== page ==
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It may seem inconsistent that an AC unit can collect frost in Clearwater’s 80-degree temperatures, but it happens. When it does, it’s a clear signal that there’s a problem with your air conditioning unit. Here are two reasons why you may see frost on your AC unit.

Your Air Conditioner Can’t Breathe

The frost on your AC unit could be due to inadequate airflow over the evaporator coil. When airflow is restricted, the temperature of the coil drops to below freezing. The humidity in the air collects on the coil and freezes. If left unchecked, ice buildup can cause severe damage to your air conditioner and lead to unnecessary ac repair costs.

Blocked or restricted airflow can stem from several things. A clogged or dirty filter is frequently the cause and is the easiest to remedy because it’s a DIY task. Debris blocking the evaporator coil, dirty fan blades or a malfunctioning blower fan, and disconnected, improperly sized or crimped ductwork also interrupt the airflow in your AC unit.

There’s A Problem with Your Refrigerant

The refrigerant collects the heat inside your home and transfers it to the outside. It doesn’t get “used up” during the cooling cycle; it stays at a set level (also referred to as its charge). As your AC unit ages, leaks can develop. If the refrigerant loses its charge, it causes the coil to freeze; the humidity collects on the coil and turns to ice. A clogged tube or dirty valve can also restrict refrigerant flow into the coil, causing it to freeze.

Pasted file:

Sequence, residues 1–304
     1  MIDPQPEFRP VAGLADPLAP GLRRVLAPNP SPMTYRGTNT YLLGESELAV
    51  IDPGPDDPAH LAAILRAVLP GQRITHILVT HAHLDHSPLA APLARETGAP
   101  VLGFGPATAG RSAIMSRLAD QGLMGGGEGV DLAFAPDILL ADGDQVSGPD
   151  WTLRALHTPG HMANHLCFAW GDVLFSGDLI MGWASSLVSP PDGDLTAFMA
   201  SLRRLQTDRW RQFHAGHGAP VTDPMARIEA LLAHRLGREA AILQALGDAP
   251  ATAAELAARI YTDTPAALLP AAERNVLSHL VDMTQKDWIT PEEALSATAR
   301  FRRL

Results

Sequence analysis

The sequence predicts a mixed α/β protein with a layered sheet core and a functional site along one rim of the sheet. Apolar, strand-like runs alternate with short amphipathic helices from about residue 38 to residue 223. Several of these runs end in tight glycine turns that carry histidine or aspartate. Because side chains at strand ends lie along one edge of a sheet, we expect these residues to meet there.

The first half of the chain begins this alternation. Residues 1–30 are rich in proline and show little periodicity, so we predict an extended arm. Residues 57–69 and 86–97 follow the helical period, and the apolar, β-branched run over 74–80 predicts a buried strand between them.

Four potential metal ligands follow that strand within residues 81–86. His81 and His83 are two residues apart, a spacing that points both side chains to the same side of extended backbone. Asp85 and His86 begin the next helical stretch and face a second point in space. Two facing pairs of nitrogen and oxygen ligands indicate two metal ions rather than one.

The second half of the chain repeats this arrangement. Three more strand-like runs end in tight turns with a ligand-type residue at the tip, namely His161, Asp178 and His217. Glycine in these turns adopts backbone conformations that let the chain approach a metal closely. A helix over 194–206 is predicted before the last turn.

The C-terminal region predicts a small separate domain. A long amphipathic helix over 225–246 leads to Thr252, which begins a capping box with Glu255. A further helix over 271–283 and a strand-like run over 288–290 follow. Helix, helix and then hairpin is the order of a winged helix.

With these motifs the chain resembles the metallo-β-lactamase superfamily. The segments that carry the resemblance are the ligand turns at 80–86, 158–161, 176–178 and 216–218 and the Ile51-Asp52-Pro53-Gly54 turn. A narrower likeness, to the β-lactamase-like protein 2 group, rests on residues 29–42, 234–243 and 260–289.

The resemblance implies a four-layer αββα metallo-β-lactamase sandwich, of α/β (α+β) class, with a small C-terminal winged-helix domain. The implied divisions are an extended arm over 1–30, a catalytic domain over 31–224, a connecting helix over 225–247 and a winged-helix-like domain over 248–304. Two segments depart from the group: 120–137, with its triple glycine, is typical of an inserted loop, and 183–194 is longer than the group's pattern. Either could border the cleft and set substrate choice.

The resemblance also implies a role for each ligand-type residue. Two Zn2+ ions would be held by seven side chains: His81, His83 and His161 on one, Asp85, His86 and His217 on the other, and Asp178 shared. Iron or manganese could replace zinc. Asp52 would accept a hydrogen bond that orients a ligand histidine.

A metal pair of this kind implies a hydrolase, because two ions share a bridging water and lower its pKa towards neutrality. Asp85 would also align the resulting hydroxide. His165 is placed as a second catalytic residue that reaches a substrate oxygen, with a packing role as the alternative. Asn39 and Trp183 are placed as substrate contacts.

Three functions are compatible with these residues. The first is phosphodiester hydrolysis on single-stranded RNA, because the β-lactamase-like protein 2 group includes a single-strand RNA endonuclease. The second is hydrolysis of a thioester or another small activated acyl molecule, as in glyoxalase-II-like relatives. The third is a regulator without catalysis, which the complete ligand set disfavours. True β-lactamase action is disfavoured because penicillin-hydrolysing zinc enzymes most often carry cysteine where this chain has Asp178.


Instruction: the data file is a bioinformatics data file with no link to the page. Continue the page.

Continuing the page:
Air conditioning units in Clearwater work hard to combat the heat and humidity of summer. Preventive maintenance can substantially reduce the likelihood that your AC unit will ice up due to refrigerant or airflow problems. To learn more about how regular maintenance improves your physical and financial comfort, check out Advanced Cooling Systems’ residential and commercial HVAC maintenance pages or call (866) 827-7662

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